The benefit of using a car sharing service in a major city with a solid urban transit system is obvious - you don't have to eat your car to avoid week-long parking hassles and mounting pay lot expenses. If you are visiting your relatives in the suburbs away from any major urban center, of course, a service like this makes less sense -- you fly into Knoxville Airport, drive out to visit family, drive the car to the buffet, drive back to the airport, you know the drill -- car sharing just isn't in the picture on a trip like this. But who else might use these services? A few ideas:

car scenic view sea ocean road tripAll-inclusive package deals: Many packages include transport to and from the airport as well as meals on-site, and they put you right in the middle of the action -- reducing or even eliminating the need for a rental car. Many also provide shuttle transportation to area attractions. However, sometimes you want to venture off the shuttled path, and a quick pick-up at a nearby car share location can help you avoid a mid-vacation trip to the airport to endure the full car rental counter experience.

Major amusement parks: A trip to Disney springs immediately to mind here; if you are staying in one of the park hotels, or even at a nearby hotel that offers a shuttle, your need for a car is little to none. But maybe you want to escape the Mouse for an afternoon; a car share would come in very handy here. (Unfortunately, Zipcar offers no cars in Orlando at present....)

All-inclusive resorts: As with the all-inclusive packages above, a resort often has everything you might need and more. But as above, a full week within the confines of a single resort or spa is a long time without a change of scenery. When you want to get out and around, nabbing a rental at an hourly rate makes a lot of sense.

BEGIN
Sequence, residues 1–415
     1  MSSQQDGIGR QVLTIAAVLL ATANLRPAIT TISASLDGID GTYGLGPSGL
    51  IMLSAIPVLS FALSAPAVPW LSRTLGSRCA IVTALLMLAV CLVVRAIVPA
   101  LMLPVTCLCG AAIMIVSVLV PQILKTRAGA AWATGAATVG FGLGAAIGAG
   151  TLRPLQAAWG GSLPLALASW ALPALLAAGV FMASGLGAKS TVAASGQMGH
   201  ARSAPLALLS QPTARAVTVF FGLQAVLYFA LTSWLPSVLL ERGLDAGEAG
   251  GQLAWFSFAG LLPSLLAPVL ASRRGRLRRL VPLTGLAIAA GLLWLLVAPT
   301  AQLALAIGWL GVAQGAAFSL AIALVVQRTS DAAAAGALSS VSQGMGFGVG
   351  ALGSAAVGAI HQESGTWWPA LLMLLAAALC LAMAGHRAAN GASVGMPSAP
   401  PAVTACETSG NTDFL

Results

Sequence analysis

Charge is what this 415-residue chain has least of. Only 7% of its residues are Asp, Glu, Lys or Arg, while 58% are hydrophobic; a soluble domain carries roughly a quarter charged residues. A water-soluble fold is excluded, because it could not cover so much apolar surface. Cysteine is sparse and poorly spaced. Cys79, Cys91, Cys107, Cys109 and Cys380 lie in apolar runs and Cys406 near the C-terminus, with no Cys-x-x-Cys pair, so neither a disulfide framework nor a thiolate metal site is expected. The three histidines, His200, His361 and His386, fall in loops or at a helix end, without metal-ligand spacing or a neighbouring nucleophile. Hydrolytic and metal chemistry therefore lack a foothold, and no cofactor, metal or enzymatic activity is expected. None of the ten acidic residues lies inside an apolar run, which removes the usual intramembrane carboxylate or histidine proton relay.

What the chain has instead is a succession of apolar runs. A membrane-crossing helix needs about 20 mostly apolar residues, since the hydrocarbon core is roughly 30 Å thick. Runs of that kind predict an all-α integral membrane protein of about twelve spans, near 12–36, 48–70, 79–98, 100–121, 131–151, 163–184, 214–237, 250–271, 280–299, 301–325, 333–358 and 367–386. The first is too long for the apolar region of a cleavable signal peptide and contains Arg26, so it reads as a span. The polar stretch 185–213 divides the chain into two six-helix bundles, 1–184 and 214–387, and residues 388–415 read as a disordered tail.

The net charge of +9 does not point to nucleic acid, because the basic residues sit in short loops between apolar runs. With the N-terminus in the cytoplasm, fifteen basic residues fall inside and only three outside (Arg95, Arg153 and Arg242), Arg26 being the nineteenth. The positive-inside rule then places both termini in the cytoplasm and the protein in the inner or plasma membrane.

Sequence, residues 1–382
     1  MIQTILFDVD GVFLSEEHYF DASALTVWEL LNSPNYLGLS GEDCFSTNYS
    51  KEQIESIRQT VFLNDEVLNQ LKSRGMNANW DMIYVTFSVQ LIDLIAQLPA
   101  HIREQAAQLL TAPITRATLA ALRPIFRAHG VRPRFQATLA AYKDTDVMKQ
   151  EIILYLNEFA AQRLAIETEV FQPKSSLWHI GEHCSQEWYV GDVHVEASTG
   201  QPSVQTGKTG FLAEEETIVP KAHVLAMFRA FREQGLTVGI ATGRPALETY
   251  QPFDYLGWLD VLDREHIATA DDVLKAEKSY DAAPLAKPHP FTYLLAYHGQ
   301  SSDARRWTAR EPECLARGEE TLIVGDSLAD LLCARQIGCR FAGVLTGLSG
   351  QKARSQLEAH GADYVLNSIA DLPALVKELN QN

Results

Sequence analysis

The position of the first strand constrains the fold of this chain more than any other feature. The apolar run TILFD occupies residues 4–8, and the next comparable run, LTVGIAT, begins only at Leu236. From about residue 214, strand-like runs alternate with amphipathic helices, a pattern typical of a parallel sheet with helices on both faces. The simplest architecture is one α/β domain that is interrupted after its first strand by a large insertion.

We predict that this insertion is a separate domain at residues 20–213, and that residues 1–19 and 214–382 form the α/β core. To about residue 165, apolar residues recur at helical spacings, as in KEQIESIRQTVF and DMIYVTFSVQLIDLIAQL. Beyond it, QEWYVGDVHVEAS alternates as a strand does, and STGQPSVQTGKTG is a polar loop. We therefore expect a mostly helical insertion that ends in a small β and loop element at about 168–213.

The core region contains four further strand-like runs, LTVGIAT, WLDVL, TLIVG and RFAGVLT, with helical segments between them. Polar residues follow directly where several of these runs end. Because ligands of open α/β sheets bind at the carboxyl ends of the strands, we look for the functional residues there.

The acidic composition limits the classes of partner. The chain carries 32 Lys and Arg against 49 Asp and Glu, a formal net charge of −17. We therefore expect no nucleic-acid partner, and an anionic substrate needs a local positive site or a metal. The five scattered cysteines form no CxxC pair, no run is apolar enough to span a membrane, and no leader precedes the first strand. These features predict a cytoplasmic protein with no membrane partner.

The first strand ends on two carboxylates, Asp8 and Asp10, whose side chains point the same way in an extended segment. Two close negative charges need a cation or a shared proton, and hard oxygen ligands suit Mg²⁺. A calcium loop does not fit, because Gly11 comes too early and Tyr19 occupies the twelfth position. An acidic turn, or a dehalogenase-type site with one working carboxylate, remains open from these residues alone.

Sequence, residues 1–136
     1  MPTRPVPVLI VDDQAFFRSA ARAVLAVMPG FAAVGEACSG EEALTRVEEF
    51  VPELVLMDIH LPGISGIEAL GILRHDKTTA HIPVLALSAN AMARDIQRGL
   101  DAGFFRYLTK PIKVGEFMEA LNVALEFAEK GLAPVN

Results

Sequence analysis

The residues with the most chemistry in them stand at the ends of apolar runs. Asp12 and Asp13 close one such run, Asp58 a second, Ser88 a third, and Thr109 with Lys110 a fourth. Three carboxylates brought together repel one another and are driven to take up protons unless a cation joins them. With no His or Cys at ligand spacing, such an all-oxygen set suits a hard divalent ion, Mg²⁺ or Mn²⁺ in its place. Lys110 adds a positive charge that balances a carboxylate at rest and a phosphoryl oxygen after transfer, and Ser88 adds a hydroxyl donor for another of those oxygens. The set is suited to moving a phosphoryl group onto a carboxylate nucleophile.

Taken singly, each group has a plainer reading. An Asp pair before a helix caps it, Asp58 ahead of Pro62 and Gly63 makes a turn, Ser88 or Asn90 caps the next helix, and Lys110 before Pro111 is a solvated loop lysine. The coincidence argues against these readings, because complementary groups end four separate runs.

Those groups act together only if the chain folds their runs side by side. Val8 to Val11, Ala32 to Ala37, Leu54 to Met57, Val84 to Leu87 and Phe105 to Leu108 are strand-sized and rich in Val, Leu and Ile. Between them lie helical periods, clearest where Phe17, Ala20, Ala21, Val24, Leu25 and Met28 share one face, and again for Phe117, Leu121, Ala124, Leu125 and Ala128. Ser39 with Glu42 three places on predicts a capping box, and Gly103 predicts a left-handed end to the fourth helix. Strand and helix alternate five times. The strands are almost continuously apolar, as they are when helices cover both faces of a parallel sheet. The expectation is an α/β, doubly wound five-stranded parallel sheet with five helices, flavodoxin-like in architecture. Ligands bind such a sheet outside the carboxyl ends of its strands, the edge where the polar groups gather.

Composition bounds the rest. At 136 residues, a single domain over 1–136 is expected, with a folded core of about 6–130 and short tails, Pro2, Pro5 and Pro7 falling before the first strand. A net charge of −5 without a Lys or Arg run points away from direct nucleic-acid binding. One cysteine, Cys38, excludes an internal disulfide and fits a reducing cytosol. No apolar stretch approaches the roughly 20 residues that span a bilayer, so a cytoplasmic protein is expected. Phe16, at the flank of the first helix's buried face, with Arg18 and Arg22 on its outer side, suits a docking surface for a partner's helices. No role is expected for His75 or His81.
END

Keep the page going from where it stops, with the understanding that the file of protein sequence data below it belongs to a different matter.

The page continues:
As a "second car" while traveling: While traveling as a family, we have found it would often be very convenient to split up for a few hours for logistical reasons. Our boy and I could head to the beach while Mom drives over to help Grandmom pick out a new rug, or Mom and our boy could hit the local park while I prowl around in musical instrument stores. You get the idea.

Cruisers: Cruise passengers who end up docking in car sharing cities might open up their port options beyond the normal touristy attractions with a quick car rental; I could imagine blasting up to Carlsbad while docked in San Diego, up to Marin while in San Francisco or to Discovery Park while docked in Seattle.

For our next trip, we are getting a ride from the airport, setting ourselves up in a central neighborhood with Zipcars waiting and foregoing the rental car entirely. I'll update this article if it doesn't work out.

Go Anyway,
Ed Hewitt
Features Editor
The Independent Traveler

Thank You For Signing Up!

Please Note: To ensure delivery of your free e-letters, please add news@independenttraveler.com to your address book.

We're committed to protecting your privacy and will not rent or sell your e-mail address. By proceeding, you agree to our privacy policy and Terms of Use.